A. You think you're confused: Because of recent telecommunications trends, San Francisco Giants fans may not be quite sure what ballpark they're in.
At least this means good business for signmakers.
If regulators approve the new AT&T's recent $67 billion all-stock deal to acquire BellSouth Corp., the company will be nearly as large as when it was the Bell parent company before the government broke it up in 1984.
This deal, expected to be completed a year from now, would give it full control of Cingular, the nation's No. 1 wireless carrier, and make it the nation's largest phone company and biggest provider of broadband Internet service. It already has a profitable directory publishing business and strong balance sheet.
AT&T shares (T) are up 4 percent this year, following a 5 percent drop last year.Chairman and Chief Executive Edward Whitacre Jr. predicts $18 billion in savings from merger synergies, including up to 10,000 jobs eliminated mostly through attrition. Whitacre, whose annual cash compensation rose to more than $12 million last year, rebuts critics who say the merger will give the company a near-monopoly for Internet access.
The move follows last year's $16 billion acquisition of AT&T Corp. by SBC Communications Inc., after which SBC changed its name to AT&T Inc. It announced 26,000 job cuts related to that deal. SBC had grown during the 1990s with purchases of regional Bells Ameritech and PacTel.
The consensus analyst rating on AT&T shares is "hold," according to Thomson Financial. Diverse opinions include four "strong buys," seven "buys," 17 "holds," two "underperforms" and one "sell."
The primary risk is whether it can handle this dramatic growth effectively or is moving too far too fast. In addition, the bulk of revenue and cash still comes from fixed-line local and long-distance phone services, which are in decline and facing increased competition.
A more complete package of services should be one result of these deals, yet telecoms often encounter difficulty maintaining their quality of service during megamerger turmoil.
Earnings are expected to increase 16 percent this year, versus the 9 percent gain predicted for the domestic telecommunications services industry. Next year's projected 10 percent rise is in line with peers. The forecast of an 8 percent five-year annualized gain compares with 5 percent predicted industrywide.
Q. What do you think of Third Avenue Value Fund? Is it still well-respected or running out of gas? --K.R., via the Internet
A. It is difficult to find fault over the long haul with this fund, whose well-known portfolio manager Martin Whitman has a history of finding relatively safe stocks selling at big discounts.
He travels to the beat of his own drum, investing in stocks of many different sizes, putting money in distressed debt from time to time and currently keeping about one-third of his portfolio in foreign stocks. Another plus to owning these shares is receiving one of the most informative shareholder reports.
The $7.8 billion Third Avenue Value Fund (TAVFX) is up 18 percent over the past 12 months to rank just above the midpoint of mid-cap growth and value funds. Its three-year annualized return of 31 percent puts it in the top 7 percent of its peers.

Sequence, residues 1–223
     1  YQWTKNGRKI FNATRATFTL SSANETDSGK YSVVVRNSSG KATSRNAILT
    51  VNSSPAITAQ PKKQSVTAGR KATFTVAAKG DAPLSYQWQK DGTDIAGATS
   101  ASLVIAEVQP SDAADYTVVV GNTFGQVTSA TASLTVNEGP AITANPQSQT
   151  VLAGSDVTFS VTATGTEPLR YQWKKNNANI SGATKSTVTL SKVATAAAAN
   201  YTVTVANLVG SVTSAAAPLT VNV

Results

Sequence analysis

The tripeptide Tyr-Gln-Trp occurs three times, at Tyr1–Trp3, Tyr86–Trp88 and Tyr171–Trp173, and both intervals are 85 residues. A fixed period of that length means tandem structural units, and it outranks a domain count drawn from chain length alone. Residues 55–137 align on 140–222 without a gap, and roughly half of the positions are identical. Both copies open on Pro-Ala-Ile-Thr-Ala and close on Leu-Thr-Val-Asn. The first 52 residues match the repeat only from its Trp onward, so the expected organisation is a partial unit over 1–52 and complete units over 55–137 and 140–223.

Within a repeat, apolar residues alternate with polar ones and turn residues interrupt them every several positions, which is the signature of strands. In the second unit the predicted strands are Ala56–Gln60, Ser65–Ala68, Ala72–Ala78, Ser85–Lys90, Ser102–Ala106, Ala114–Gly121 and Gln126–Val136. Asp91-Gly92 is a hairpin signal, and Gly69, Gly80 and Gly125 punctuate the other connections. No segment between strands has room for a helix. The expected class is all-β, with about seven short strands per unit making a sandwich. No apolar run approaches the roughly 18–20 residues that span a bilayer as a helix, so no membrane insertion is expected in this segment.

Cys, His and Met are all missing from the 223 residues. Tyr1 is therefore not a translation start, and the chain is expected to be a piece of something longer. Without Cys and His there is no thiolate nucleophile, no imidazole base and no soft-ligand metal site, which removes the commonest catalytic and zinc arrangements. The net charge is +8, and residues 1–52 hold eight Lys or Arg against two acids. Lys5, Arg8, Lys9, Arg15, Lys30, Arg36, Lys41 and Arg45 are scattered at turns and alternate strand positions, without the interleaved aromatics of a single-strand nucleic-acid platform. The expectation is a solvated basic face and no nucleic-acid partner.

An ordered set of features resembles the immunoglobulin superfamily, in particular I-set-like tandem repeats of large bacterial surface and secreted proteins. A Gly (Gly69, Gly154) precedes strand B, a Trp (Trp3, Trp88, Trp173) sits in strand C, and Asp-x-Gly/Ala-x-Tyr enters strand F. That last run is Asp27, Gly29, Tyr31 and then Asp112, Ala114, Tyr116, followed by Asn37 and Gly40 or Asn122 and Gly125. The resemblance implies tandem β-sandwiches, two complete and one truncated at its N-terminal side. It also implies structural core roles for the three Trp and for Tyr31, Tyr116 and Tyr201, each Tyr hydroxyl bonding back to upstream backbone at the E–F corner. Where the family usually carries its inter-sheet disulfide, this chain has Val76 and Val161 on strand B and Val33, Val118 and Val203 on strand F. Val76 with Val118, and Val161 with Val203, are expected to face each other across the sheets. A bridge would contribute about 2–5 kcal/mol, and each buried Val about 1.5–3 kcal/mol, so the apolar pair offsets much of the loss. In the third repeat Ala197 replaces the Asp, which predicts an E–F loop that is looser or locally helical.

"We recommend this fund because we like Whitman's experienced and disciplined approach," said Kerry O'Boyle, analyst with Morningstar Inc. in Chicago. "It could serve as an investor's core holding, but be aware that it's going to move around, making it harder to pin down and balance with your other holdings."
Whitman, in his 80s and in charge of this fund since 1990, has made no indication that he wishes to retire. He tries to buy stocks at discounts of at least 20 percent, considers the strength of a firm's balance sheet a key factor in investing and uses a buy-and-hold style.
More than half of Third Avenue Value Fund's assets are in financial services, with industrial materials and consumer goods other concentrations. Top holdings were recently Toyota Industries, Brookfield Asset Management, St. Joe, MBIA, Millea Holdings, Cheung Kong Ltd., Posco, Legg Mason, Forest City Enterprises and Henderson Land Development.
This "no-load" (no sales charge) fund requires a $10,000 minimum initial investment. Its annual expense ratio is 1.10 percent.
Q. I've heard there are U.S. Savings Bonds that can be used to pay for education. I asked my banker, but he didn't know anything about that. Can you please address this? I want to buy one for my 10-month-old grandson to pay for college someday. -- M.P., East Hartford, Conn.
A. The U.S. Treasury Department education bond program makes interest on certain savings bonds tax-free when the bonds are redeemed to pay qualified higher-education expenses.
Eligible are Series EE Bonds issued after Dec. 31, 1989, and all Series I Bonds.
"However, only a parent can take the exclusion," said Stephen Meyerhardt, a spokesman for the Bureau of the Public Debt in Washington. "A grandparent could only claim the exclusion if the grandparent can also claim the child as a dependent and is going to be the one paying for college."
To receive the tax exclusion, the bonds must be cashed in during the same calendar year you're paying for higher-education tuition and fee expenses. They must be registered in the name of the taxpayer, not the child. The child can be listed as beneficiary but not as owner or co-owner.
Parents must meet income requirements that are adjusted annually for inflation. In 2006 the full interest exclusion is available for couples filing jointly with income of $94,700 or less and single filers with income of $63,100 or less.
A phase-out of the exclusion begins at higher income levels before it is eliminated altogether for couples with income of $124,700 and single filers with income of $78,100.
Andrew Leckey is a Tribune Media Services columnist. E-mail him at email@example.com.